It’s official, data is power – and there is now clear recognition in the international community that we need to harness it through modernising statistical systems and embracing the data revolution we are already experiencing.
The UN Statistical Commission (UNSC) is ordinarily a purely technical commission of the UN Economic and Social Council (ECOSOC), but this year it was transformed into a highly political forum as the international community debated and agreed on the proposed Sustainable Development Goal (SDG) indicator framework. This politicisation of a traditionally technical area of international cooperation is a clear indication that data – and how it is recorded, transmitted, published and used – is now part of mainstream political discourse. This is a real triumph for those advocating for a data revolution for sustainable development as it reflects the increasing significance of innovative approaches and new technologies in producing official statistics.
This is particularly important for the ambitions of joined-up data.
At the Open Government Partnership Global Summit in Mexico last year it was concluded that for interoperability to be built into data systems effectively, standards setters, data producers and data users first need to agree on how to do this and then sustain their engagement on the issue. Together with the transparency and open data communities, there is a clear need for the international statistics community to agree on this as well.
This year’s High-level Forum on Official Statistics took place just before the official UNSC session. Its themes reflected the new momentum towards a policy dialogue on the data needs for the 2030 agenda and the need for partnerships, innovative approaches and solutions from data experts and producers.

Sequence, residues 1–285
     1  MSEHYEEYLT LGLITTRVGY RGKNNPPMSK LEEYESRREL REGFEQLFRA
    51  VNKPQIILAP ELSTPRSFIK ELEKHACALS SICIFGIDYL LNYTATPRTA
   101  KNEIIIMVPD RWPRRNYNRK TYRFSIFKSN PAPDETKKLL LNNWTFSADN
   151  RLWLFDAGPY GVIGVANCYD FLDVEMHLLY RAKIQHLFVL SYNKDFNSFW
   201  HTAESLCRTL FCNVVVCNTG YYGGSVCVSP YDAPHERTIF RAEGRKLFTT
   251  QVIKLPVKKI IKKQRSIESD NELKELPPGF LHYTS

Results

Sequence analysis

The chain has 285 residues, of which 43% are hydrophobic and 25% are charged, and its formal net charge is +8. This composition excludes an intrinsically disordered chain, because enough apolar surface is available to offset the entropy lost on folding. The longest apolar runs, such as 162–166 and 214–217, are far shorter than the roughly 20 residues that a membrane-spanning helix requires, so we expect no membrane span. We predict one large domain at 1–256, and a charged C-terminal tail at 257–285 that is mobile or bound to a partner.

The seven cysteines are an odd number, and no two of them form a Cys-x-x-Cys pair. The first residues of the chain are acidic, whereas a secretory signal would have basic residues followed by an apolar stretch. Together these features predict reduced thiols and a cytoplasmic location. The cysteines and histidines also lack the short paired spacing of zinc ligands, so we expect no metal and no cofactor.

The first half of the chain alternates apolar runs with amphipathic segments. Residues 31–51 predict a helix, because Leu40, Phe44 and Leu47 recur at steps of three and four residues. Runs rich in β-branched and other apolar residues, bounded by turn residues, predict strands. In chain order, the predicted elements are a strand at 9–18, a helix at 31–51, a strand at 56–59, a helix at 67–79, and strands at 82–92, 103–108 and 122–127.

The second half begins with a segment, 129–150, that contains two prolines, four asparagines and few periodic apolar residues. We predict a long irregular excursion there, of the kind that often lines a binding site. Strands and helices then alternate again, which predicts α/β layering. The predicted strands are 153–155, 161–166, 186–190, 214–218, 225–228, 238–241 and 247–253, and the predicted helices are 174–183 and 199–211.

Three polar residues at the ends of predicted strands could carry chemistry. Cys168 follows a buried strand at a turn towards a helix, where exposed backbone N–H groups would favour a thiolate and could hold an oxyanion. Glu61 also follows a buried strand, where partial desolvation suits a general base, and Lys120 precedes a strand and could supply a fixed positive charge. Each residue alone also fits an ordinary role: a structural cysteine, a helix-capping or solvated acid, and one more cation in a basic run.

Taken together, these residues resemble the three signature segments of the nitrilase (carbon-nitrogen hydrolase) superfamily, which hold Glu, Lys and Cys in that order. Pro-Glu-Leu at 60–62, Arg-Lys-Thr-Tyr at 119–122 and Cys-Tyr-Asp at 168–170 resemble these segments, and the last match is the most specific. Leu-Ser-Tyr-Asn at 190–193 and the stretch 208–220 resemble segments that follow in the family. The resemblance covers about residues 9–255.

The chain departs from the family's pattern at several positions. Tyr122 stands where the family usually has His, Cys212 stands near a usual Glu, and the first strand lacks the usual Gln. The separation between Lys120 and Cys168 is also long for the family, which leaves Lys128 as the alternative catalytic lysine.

Early in the Forum, the UN Assistant Secretary-General for Economic Development, Lenni Montiel, made the point that in the coming years states will need to address the issue of how to develop standards to harness the potential of new sources of data. By necessity, this will require a conversation on how to improve interoperability between data standards. This is absolutely right, but also raises an important point: why wait to have that discussion when there is already a need to join up existing standards?
As our first two discussion papers demonstrate, there is a pressing need for conversations in the official statistics community on how to develop common solutions to the challenges posed by a lack of interoperability between existing standards and datasets. Our first discussion paper in particular, concludes that there are two ways of achieving interoperability: by designing interoperability into standards from the outset or by employing an interpreter for existing standards (ie developing tools capable of joining up standards).
While further work in this area is needed, we are already taking tentative steps to develop the tools needed to realise interoperability. For instance, we recently launched an online thesaurus to provide a simple interface for users of our website to build and/or store taxonomies and manage relationships between data concept schemes in an open, publically available space. We will be publishing further discussion papers in the coming months, taking the joined-up data conversation to a range of stakeholders to explore how this work can benefit other sectors.
A key part of our research and approach as a project is to invite collaboration and feedback from others. Keeping in mind the traction that the Data Revolution is now garnering and the corresponding recognition of the need to modernise statistical systems, we would invite all stakeholders engaged in post-2015 monitoring discussions to feedback on our initial discussion papers.
As Judith Randel, who was invited to participate on the High Level Forum for Official Statistics to present joined-up data, put it in her concluding remarks; one of the key things that needs to happen if we are to achieve the ambitious 2030 agenda is a cultural shift in perceptions around the role of data and partnerships. We are now starting to see that shift and it seems joined-up data will certainly be on the agenda.